Updated: Oct 28, 2022
Rats are quite difficult to deal with, prevention is the key. WikiHow has many articles talking about rats, but each standalone article can't form a solid and comprehensive solution. Therefore, we have rewritten and integrated several articles together to create a better version.
Rats are annoying and could cause lots of troubles to our home. Here we quote the best way to prevent rats provided by wikiHow, a wiki that is building the world's largest and highest quality how-to manual. Please edit the articles and find author credits at the original wikiHow articles on How to Get Rid of Mice and Rats, How to Keep Mice Out of Your House. Content on wikiHow can be shared under a Creative Commons License.
Nobody wants mice setting up shop in their home—but how do you get rid of these critters for good and make sure they never come back? Don’t worry. We've researched the best ways to prevent mice from coming indoors and we'll explain how to quickly and efficiently remove mice if they do get in. We'll also touch on recognizing early signs of rodent activity so you can nip the problem in the bud.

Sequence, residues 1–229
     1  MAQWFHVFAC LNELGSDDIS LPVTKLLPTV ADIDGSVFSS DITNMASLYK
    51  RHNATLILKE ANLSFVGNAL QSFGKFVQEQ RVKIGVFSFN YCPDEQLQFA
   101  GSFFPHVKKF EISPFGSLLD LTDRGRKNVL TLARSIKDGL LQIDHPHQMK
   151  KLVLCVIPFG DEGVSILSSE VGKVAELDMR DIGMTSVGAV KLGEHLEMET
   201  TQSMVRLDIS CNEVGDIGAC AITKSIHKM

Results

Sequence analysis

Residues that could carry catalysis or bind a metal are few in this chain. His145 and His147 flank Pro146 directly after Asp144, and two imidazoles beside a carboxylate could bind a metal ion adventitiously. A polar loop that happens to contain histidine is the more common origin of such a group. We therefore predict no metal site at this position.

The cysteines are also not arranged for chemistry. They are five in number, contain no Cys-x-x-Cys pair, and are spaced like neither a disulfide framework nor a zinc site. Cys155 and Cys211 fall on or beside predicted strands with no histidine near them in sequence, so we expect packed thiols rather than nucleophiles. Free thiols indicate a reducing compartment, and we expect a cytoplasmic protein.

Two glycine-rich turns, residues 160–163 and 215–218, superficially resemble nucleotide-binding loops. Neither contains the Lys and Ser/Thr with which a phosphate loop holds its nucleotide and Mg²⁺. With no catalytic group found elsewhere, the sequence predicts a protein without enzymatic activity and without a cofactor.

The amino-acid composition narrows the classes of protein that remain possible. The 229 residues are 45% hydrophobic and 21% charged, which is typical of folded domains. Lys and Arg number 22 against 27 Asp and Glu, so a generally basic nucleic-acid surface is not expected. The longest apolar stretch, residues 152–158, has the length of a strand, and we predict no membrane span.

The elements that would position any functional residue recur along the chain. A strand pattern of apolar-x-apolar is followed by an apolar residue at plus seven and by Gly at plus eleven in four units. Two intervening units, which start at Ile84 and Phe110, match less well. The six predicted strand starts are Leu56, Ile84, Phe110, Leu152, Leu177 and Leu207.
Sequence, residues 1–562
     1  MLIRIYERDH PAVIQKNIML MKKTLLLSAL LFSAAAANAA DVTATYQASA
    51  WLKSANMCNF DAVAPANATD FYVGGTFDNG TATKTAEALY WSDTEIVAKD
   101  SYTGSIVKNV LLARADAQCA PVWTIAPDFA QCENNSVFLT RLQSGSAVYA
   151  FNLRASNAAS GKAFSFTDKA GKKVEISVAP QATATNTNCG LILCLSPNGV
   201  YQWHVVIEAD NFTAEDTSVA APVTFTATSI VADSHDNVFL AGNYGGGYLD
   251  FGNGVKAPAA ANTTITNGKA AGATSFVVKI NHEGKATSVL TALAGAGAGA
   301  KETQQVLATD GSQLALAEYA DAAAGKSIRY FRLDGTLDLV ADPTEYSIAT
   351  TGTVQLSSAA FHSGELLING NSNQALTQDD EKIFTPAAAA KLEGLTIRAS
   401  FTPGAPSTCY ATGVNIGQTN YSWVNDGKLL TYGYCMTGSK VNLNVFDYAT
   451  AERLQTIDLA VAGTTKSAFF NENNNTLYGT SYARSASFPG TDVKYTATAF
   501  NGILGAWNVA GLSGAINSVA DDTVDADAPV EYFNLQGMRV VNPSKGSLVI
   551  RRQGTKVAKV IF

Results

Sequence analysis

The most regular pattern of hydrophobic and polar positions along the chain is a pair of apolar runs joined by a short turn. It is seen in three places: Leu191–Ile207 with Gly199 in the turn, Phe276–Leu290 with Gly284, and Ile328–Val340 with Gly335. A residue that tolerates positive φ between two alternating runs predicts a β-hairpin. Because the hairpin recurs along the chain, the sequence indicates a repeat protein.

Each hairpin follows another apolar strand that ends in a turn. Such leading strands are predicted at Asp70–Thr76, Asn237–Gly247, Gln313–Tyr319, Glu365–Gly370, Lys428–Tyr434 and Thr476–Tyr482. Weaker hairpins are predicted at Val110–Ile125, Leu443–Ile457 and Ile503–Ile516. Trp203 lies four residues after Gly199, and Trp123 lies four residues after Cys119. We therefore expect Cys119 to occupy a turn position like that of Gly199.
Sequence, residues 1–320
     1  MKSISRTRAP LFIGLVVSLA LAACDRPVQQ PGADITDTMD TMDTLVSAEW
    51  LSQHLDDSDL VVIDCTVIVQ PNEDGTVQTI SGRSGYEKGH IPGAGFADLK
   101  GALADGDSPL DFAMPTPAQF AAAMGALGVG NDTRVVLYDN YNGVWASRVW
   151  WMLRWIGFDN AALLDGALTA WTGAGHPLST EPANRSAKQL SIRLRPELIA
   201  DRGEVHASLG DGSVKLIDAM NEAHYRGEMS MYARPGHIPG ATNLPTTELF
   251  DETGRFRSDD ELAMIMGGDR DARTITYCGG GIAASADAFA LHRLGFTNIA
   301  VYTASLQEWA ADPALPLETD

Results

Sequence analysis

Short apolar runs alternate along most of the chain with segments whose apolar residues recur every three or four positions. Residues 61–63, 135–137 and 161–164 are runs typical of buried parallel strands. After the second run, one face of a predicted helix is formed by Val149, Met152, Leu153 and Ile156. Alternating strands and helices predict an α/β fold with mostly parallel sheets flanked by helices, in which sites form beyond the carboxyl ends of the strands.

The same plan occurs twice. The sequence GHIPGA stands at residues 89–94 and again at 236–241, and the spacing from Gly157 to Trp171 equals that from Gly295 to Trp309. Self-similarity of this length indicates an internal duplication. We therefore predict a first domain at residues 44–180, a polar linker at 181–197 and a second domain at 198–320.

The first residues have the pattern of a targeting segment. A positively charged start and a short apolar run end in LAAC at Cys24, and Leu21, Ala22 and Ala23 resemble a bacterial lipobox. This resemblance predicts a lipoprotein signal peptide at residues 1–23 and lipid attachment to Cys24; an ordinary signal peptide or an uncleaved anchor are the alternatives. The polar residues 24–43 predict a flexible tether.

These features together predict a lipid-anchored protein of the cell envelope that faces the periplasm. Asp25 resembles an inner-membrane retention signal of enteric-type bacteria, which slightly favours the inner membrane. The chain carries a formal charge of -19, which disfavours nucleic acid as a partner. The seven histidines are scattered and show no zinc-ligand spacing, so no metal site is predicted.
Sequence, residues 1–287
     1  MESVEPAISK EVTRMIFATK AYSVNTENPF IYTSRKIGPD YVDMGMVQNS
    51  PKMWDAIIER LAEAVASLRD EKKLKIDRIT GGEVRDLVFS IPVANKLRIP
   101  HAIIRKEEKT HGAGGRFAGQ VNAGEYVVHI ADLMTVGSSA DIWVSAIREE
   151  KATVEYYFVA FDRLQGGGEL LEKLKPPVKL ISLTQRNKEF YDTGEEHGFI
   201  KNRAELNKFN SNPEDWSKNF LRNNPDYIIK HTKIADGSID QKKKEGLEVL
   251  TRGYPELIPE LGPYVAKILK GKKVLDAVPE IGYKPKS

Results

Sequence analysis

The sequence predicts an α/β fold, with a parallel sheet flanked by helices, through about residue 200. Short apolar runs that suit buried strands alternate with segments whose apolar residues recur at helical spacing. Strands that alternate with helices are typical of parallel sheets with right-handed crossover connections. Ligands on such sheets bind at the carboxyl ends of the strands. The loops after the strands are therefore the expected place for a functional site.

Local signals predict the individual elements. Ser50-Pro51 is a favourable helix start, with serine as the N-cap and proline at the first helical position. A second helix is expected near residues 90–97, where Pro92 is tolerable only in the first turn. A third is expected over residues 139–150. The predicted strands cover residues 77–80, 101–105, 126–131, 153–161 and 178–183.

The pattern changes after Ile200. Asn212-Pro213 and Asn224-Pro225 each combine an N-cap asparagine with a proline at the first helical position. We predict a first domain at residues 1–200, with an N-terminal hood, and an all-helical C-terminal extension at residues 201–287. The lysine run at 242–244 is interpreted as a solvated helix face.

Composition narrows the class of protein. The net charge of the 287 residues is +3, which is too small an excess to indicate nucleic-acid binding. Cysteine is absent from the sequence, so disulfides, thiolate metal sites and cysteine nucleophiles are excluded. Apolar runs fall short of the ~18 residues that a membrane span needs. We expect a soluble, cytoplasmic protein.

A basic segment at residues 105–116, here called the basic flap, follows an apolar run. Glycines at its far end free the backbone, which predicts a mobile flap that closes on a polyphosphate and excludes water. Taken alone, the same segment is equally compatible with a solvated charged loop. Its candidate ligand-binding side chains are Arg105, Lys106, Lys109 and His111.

Part 1: Prevention
1. Watch for signs of rodent activity. Gnawed food packages and mouse droppings are common red flags. Check in your pantry, along with your kitchen cupboards and drawers—do you notice any gnawed bags or boxes of food? Take a close look near these food items, too. If mice are active around your home, you might see some small, brown mouse droppings next to their food sources. While you’re at it, keep an eye out for:
Small piles of torn paper, dried-up weeds/plants, and/or old fabric—mice use these piles to build their homes, or "nests"
Gnawed openings along the base of the wall
Keep in mind that mouse droppings are only around 1⁄8 to 1⁄4 in (0.32 to 0.64 cm) long.
2. Block off any entry points to your home. Mice can fit through blueberry-sized openings in or around your home. Sealing off these entry points, however small, is one of the most effective ways that you can permanently keep mice out of your home. Scan both the inside and outside of your home for any gaps, holes, or other openings that seem wide enough for a mouse to squeeze through. Here are a few DIY solutions to get started: